GLASGOW — Officials of tiny Glasgow in central Missouri are fighting plans by utility Kansas City Power & Light to put eight power lines and a 189-foot tall steel tower in a city park.
“It’s gotten to be an ‘us versus them’ type of thing,” Mayor Fred Foley said. “I think it’s the first time they’ve been up against a small, rural area like this.”
The ill will has become so pointed that city leaders have wondered if a recent brief power outage was deliberate. The company denied that, but said an employee’s alleged comments that KCP&L turned out Glasgow’s lights were being investigated.
“We obviously take this very seriously,” said Katie McDonald, KCP&L spokeswoman. “They have a right to their position and to be heard.”
KCP&L has planned to move the lines to the park from across a bridge that will be torn down. Company officials also plan to meet with Foley to explore alternatives.
But in a letter to the city last month, a lawyer for KCP&L said the city moratorium was “clearly contrary to the law,” and any effort to interfere with the power-line construction would be viewed “most seriously.”
Alderman Michael Gebhardt calls the utility’s letter “scare tactics.”
“They expect us to suffer for 50 or 100 years with this,” he said.
The tower in Stump Island Park would hover over one of the Missouri River’s busiest fishing and recreational boat ramps. The park has soccer fields, picnic areas and a campground. The tower and lines would occupy 1.8 acres of the park.
The park in Glasgow, population 1,200, is noted as the closest public river access, at about two miles downstream, to a spot where Lewis and Clark stopped one night in 1804.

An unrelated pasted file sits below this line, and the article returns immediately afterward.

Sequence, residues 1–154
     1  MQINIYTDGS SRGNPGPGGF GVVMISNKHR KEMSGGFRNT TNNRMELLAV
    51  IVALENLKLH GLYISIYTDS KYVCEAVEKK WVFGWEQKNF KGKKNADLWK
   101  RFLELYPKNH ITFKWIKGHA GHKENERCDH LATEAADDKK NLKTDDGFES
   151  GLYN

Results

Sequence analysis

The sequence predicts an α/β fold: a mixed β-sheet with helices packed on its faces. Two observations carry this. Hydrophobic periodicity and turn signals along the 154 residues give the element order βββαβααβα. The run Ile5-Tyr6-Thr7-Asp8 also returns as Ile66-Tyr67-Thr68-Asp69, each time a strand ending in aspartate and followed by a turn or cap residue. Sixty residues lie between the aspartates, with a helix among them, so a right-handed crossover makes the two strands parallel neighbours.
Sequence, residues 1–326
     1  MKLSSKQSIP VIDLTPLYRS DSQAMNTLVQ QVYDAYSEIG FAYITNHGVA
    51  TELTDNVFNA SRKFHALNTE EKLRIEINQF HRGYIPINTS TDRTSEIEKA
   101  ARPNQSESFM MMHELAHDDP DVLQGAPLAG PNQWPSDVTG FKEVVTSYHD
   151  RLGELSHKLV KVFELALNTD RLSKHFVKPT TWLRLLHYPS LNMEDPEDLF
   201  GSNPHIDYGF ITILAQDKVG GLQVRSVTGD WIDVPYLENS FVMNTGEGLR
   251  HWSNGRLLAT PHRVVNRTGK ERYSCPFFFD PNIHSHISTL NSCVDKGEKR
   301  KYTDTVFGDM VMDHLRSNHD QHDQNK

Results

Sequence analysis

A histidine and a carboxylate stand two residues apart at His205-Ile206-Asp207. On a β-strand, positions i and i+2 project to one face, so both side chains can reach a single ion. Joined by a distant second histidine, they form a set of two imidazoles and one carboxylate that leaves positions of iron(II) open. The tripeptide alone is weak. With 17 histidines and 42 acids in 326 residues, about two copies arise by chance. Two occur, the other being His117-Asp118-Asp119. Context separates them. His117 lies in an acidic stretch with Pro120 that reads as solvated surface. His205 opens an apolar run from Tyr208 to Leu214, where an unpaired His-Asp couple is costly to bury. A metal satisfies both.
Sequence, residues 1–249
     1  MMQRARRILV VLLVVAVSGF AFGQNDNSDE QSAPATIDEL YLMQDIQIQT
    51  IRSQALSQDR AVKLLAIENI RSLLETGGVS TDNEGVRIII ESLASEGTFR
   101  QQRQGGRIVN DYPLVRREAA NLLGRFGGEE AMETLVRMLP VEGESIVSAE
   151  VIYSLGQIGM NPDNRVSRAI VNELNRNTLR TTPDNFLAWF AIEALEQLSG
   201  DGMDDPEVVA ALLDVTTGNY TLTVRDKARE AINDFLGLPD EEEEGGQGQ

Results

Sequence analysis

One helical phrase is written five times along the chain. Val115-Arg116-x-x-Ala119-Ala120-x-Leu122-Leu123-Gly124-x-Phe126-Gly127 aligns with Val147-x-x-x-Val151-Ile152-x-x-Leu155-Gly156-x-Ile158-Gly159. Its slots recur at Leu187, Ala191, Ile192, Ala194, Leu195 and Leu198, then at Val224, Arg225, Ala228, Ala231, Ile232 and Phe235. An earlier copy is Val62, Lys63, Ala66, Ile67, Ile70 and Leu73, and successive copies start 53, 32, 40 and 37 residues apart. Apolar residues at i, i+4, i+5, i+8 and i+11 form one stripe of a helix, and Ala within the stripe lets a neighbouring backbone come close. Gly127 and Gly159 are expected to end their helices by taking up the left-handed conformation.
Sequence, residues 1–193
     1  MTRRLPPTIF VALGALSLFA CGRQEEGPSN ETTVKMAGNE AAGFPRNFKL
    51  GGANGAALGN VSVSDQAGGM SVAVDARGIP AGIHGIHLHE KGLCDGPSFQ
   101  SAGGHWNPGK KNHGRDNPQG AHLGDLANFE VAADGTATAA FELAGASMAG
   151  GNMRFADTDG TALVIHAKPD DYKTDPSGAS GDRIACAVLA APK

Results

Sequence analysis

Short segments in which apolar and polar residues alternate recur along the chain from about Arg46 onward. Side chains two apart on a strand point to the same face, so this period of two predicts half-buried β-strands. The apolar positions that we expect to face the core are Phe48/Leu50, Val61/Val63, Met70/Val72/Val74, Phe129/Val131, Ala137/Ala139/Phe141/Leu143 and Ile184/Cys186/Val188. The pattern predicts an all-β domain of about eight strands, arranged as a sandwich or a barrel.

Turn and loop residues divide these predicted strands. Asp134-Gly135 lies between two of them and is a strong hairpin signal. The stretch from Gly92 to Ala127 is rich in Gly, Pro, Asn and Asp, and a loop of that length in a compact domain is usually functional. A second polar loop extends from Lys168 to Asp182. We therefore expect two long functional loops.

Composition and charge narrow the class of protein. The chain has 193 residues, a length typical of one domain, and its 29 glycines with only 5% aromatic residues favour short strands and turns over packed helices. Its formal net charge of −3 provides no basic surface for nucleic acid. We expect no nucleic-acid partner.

New power lines are needed because existing lines run across a highway bridge over the Missouri that, beginning Aug. 4, will be torn down and closed for a year.
Glasgow hopes to persuade KCP&L to take an alternativeto overhead power lines. The city has said the lines could be run across an adjacent railroad bridge until the new bridge is built and then strung there. Or the lines could be extended over the river at a different location, or run beneath the river, they said.
“We don’t want it here,” Gebhardt said. “It’s at our main entrance to the park, it’s (by) the boat ramp, it’s where our kids play.”
But KCP&L indicated that erecting overhead power lines through the park could be the least-costly option. If KCP&L goes a more expensive route, the city or a third party would have to make up the cost difference, a lawyer for the utility said in a letter to the city May 12.
KCP&L finds no legal right for the city to stop the project, because a franchise granted by Glasgow in 1971 and renewed in 1991 gave KCP&L right of way through the park.
But the city signed an agreement with the Missouri Department of Natural Resources in 1976 accepting federal money for park improvements with the stipulation that no utility lines be placed overhead in the park. If they were, the city would be liable for damages, said William Daily, the city’s lawyer. That agreement trumps the franchise with KCP&L, he said.